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New standards set to eliminate lead paints in Kenya

Wahinya Henry @PeopleDailyKe

The future of Kenyan children looks brighter after the government gazetted compulsory standards to stop the production, import, export, use and sale of lead-containing paints.

The standards limit the total lead content in paints, varnishes and related products to 90 parts per million (ppm), a limit recommended by the United Nations Environment Programme. Kenya joins the US, Cameroon and the Philippines, which have the most restrictive lead limits in force today.

The gazettement of the standards comes on the backdrop of a study released by Centre for Environment Justice and Development (Cejad) and Ipen in June 2017, which said over 69 per cent of 51 analysed solvent-based paints for home use contained lead levels greater than 90 ppm.

Ipen is a global network of civil society organisations pursuing safe chemicals policies and practices while Cejan is Kenyan non-governmental organisation lobbying for pro-sustainability policy and legal frameworks; educating and advising the public on available technologies and practices that improve human and environmental health.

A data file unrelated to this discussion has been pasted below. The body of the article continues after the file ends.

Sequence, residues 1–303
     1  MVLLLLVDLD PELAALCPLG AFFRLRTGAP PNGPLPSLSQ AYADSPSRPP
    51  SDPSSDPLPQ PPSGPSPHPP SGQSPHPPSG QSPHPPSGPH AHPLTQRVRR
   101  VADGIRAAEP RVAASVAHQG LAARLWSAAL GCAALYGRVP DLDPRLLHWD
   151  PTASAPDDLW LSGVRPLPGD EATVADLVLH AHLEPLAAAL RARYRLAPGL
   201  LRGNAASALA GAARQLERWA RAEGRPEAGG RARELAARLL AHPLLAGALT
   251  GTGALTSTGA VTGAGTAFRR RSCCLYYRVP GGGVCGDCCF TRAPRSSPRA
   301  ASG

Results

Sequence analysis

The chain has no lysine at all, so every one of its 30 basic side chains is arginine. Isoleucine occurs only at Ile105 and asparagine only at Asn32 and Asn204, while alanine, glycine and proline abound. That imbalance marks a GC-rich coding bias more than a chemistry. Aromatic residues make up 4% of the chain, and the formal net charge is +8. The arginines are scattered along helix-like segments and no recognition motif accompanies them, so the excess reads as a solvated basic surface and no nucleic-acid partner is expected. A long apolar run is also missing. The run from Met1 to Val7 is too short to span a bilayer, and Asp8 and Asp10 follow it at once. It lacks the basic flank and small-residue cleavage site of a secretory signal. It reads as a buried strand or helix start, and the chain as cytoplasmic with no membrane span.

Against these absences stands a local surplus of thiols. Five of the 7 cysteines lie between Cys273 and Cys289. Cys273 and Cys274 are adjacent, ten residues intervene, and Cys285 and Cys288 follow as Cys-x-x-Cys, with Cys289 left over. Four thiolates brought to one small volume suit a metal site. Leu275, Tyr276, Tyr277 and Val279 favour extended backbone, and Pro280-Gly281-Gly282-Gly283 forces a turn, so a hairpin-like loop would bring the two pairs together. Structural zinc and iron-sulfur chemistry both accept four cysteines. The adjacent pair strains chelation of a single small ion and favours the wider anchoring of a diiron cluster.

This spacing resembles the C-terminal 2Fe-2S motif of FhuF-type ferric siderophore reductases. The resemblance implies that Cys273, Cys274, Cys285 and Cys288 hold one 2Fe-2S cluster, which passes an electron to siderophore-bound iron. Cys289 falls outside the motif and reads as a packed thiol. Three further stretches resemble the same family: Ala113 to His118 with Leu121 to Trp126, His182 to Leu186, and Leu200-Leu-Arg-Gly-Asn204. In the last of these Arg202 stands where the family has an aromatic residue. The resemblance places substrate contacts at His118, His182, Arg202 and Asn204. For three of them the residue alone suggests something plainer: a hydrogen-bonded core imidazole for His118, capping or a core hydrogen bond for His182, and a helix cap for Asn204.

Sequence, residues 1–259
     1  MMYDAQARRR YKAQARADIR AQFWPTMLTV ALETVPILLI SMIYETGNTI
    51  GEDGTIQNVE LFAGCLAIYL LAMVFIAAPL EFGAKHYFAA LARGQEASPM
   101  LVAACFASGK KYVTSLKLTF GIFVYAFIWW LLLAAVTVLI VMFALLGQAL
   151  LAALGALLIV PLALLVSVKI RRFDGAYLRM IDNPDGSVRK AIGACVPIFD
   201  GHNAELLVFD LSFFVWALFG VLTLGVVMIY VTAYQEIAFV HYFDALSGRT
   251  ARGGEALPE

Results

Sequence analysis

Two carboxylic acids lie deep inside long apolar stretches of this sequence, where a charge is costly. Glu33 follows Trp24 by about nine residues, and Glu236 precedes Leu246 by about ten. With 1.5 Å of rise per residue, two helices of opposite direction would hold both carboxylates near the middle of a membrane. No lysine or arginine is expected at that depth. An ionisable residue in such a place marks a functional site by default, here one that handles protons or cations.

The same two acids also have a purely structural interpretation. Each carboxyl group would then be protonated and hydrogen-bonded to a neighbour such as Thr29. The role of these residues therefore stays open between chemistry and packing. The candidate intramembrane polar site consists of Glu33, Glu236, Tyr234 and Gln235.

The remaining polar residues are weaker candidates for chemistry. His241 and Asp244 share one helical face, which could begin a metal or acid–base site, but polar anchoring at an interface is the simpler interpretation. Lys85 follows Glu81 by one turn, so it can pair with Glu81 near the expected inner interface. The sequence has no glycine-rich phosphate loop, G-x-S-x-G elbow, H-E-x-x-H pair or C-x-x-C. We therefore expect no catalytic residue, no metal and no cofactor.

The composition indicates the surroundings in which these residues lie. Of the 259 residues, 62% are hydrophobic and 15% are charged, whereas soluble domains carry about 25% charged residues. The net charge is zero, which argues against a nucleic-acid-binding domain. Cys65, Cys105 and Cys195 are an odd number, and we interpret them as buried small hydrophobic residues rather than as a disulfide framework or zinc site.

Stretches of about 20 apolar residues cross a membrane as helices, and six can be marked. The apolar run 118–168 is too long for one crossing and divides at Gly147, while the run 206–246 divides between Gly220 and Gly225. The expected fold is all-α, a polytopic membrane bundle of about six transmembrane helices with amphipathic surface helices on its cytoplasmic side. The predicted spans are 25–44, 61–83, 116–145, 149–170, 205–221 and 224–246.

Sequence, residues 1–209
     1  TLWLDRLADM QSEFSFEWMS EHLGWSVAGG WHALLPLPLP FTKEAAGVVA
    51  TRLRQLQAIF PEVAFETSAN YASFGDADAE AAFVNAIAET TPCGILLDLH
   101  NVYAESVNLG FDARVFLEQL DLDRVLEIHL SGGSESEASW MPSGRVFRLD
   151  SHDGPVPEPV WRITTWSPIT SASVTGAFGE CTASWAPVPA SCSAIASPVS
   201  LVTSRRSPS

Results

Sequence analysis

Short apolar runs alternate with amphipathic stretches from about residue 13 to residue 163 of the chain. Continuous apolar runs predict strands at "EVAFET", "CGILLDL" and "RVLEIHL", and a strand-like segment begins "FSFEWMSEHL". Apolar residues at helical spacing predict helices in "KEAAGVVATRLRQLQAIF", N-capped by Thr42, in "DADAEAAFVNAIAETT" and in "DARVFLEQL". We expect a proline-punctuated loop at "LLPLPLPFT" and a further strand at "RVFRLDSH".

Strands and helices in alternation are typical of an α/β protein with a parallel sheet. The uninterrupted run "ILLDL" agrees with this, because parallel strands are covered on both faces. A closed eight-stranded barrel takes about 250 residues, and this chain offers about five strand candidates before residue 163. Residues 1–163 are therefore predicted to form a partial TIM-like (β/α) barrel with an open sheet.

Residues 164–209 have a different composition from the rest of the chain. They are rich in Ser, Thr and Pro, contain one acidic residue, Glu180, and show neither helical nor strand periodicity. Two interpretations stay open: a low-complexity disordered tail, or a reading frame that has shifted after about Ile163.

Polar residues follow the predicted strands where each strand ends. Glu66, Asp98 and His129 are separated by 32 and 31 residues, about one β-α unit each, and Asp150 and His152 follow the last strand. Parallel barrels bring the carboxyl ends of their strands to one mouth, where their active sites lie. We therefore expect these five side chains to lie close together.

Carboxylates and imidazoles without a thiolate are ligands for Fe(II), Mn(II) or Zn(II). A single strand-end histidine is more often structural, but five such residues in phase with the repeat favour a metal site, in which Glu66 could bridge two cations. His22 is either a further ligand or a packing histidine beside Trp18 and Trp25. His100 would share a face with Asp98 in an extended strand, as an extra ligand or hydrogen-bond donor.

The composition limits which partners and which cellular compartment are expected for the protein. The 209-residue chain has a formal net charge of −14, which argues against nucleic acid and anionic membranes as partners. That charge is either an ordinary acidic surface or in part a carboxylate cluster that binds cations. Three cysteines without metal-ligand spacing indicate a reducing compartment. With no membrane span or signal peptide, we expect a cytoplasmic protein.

“The new standards will not only control lead paints in Kenya, but will directly protect intelligence of Kenyan children. Lead exposure affects children even at low levels, and its health impacts are generally irreversible and lifelong,” said Griffins Ochieng, Executive Director, Cejad.

“However the effective implementation of this standard remains the most critical action to help protect the intellectual development of our children and thus secure our country’s future intellectual capacity,” he added.

The good news arrived as Kenyan paint manufacturers, policy makers and civil society organisations met recently in Nairobi for a dialogue on eliminating lead in paints in Kenya.

Convened by Cejad in partnership with Ipen, the meeting aimed at promoting dialogue among stakeholders aimed at fast-tracking Kenya’s efforts to achieve the global goal of eliminating lead paint by 2020. The Kenya Bureau of Standards (KEBS) gazetted the two standards in January this year.

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